This year, Dans Digital won The Best Commissioned Architectural Film at CGarchitect Architectural 3D Awards 2019, for its wonderful architectural film, Yuxin Building. It’s our honor to have an exclusive interview with Dans Digital, from which we can know more about the success story of the multi-award winning team.

    • Company: Dans Digital
    • From: China
    • Director: Bohong Deng / Executive Producer: Cuimin Zhou / Executive Producer: Yan Jiang / Post production: Guanghao Xu / Editor: Yuping Duan / Post production: Yan Li / Photographer:Bo Yang / Visual Effects:Jinliang Jiang / Layout:Hongming Xiang / Technical Support:Guibing Xu / Photographer:Minsheng Lin / Post production:Zhiqiang Chen / Layout:Haixiang Hong / Assistant Camera:Jujun Zhang / Post production:Hui Yang / Layout:Junwen Xu / Assistant Camera:Zhichen Tang / Layout:Jie Yu / Visual Effects:Xiaozhen Cheng / Layout:Rongxiang Yang / Layout:Mini Chen / Layout:Leisi Feng / Layout:Zhijing Sun / Production Assistant:Yucheng Chen / Production Assistant:Liling Gao

    The film stimulated the foggy morning with 3D visualization technique, it portrayed the building and surrounding landscape covered in the mist with low contrast and low saturation tone, which provides people an artistic conception of traditional Chinese ink painting.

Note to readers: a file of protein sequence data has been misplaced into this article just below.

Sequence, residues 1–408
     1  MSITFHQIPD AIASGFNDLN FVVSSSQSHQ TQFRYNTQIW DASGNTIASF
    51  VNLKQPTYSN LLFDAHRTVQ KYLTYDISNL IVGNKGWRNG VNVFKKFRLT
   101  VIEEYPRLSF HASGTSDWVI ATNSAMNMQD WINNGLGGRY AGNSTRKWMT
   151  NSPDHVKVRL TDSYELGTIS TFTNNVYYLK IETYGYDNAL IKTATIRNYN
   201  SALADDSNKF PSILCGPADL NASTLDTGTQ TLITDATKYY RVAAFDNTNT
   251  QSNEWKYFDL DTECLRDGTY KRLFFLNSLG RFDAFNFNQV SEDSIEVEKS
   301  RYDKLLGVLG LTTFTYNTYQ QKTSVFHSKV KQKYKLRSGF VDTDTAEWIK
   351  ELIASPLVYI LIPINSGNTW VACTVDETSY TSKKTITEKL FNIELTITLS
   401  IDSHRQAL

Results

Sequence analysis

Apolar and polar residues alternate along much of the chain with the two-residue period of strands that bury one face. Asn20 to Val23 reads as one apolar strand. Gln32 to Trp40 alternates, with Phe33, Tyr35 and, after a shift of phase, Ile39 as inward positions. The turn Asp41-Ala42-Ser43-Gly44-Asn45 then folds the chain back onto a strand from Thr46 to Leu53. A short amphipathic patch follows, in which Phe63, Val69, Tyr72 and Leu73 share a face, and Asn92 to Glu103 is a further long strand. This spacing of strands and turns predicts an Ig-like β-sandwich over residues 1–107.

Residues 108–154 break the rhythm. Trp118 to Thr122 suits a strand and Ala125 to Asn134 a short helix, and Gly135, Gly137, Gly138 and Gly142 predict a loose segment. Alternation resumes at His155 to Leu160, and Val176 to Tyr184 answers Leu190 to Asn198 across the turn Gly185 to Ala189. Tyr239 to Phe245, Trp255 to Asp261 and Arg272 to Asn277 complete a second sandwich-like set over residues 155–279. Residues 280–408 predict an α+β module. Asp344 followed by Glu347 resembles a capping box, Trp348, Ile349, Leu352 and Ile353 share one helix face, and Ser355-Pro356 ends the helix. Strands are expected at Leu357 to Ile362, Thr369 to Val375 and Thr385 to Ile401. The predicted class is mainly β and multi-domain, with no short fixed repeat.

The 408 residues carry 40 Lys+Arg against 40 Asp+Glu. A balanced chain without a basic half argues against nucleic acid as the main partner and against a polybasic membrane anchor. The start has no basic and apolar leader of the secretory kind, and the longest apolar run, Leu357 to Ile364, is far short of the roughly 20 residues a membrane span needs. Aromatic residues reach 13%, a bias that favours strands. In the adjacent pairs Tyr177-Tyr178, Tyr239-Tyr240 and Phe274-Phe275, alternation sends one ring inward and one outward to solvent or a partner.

In addition, the traditional means of artistic expression resonated with the ancient Chinese Philosophy where the creative idea was generated.

    As the creator of the awarding-winning film, Dans Digital, founded in 2003, is mainly engaged in film production work within advertising, animation and visual effects field. Dans Digital has won 112 awards in total in international competitions, including 1 Best Of Show and 16 Gold Awards.

    Some of the honors

    Dans Digital takes a leading position within the industry of China in 3D animation, visual effects and post-production, and has mastered the advanced technologies proficiently including photographing and 3D synthesis, pilotless aircraft photographing, computer simulation and performance of fluid and rigid-body dynamics, particle system and computer cluster rendering, etc.

    Some of the award-winning works

    No matter in architectural style, artistic style or creative ideas, Dans Digital has never stopped the pursuit of innovation. Dans Digital started building growth animation technique and traditional Chinese realistic painting animation style within the industry, and has created many works which were regarded as milestones of the industry.

    An excellent leader is indispensable to an excellent team. The Founder and Director of Dans Digital, Mr. Bohong Deng, one of the jury for the“CLIO AWARDS” from 2015 to 2017, has created more than 100 excellent works within 16 years since he founded Dans Digital.

    He initiated the creative architectural growth animation and traditional Chinese realistic painting performance practices. His works were made outstanding contributions to the development of the industry.

    Mr. Bohong Deng was honored as 3DS MAX MASTER in 2009

    Here’s the interview between Dans Digital and Fox Renderfarm.

    Fox Renderfarm: Why did you select this artwork to participate in the competition? Which part of the film do you like the most?